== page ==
Power was out in Raleigh for up to two weeks, depending on where you lived. After 10 days things were returning to something of normalcy. It took months to clean up all the debris, and there were huge "shredding yards" where the thousands of uprooted trees were taken to be shredded. In areas to the east of Raleigh where the flooding was severe, recovery took a lot longer. It takes months to completely recover from a big hurricane.

What am I forgetting?

Comments:
I want to represent another school of thought-EVACUATE!

As a military officer who has had formal survival training, weathered more than a few hurricanes both ashore and at sea, I have to tell you how unpredictable these storms are. I can see the merit in staying with the house, but you really need to think about this: THERE IS NOTHING IN YOUR HOUSE THAT CANNOT BE REPLACED! Will it rot to be unable to come back home to your house? Will it be annoying to deal with insurance claims, especially if your house is looted? Yes, but not as annoying as being dead. Think about it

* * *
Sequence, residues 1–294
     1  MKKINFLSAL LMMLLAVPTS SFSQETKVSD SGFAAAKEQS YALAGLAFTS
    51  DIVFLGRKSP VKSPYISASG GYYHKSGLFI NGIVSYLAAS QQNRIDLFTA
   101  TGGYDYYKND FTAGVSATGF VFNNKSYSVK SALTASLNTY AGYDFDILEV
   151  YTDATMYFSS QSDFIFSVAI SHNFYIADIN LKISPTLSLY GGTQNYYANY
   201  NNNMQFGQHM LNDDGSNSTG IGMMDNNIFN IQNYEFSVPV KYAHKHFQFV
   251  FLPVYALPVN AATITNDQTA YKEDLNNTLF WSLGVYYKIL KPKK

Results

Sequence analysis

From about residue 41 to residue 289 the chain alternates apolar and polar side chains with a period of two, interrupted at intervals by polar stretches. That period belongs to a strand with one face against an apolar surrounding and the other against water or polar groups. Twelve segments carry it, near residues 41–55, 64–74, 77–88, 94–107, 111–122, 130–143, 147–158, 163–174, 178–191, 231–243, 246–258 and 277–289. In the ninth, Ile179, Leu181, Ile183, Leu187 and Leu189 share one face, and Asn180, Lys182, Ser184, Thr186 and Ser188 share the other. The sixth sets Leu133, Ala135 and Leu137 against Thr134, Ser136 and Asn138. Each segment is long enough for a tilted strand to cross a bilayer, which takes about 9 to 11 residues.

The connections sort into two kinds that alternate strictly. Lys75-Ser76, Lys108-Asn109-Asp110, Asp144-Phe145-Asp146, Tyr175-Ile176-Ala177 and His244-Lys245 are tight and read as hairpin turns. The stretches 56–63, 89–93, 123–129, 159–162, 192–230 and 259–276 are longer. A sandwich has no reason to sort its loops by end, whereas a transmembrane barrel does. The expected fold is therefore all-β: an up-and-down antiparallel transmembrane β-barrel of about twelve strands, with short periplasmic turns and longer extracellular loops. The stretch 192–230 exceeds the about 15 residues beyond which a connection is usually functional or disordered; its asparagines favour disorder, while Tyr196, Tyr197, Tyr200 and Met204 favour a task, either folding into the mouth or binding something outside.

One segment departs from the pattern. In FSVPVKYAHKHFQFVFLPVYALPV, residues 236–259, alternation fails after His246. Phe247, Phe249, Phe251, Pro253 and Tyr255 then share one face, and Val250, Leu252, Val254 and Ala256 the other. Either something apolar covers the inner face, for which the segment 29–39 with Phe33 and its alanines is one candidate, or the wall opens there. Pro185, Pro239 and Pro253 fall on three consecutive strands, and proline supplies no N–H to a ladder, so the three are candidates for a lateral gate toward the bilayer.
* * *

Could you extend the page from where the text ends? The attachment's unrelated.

Marshall,

The one thing that you forgot is cash. It is important for people to have a supply of cash with them when a storm hits. Stores will open sooner than ATMS or credit card approval networks come back online. The only way to buy stuff will be good old fashioned cash!
 
Cash is an excellent point.

I agree you should evacuate if told to do so. But no one predicted that Fran would hit Raleigh like that, so no one evacuated. You had to make due in the aftermath, because there was no easy way out of Raleigh once the hurricane passed.
 
I made a Tada list with the recommendations you listed in this entry. I've added some things, but it's most likely still incomplete.

http://ryanirelan.tadalist.com/lists/public/110882

Thanks for the great information!
 
In responce to flapper: The problem with Fran was that the people along the coast evacuated to Raleigh. Ironicly Fran did more damage to Raleigh (100 miles inland) than to the coastal towns where it made landfall.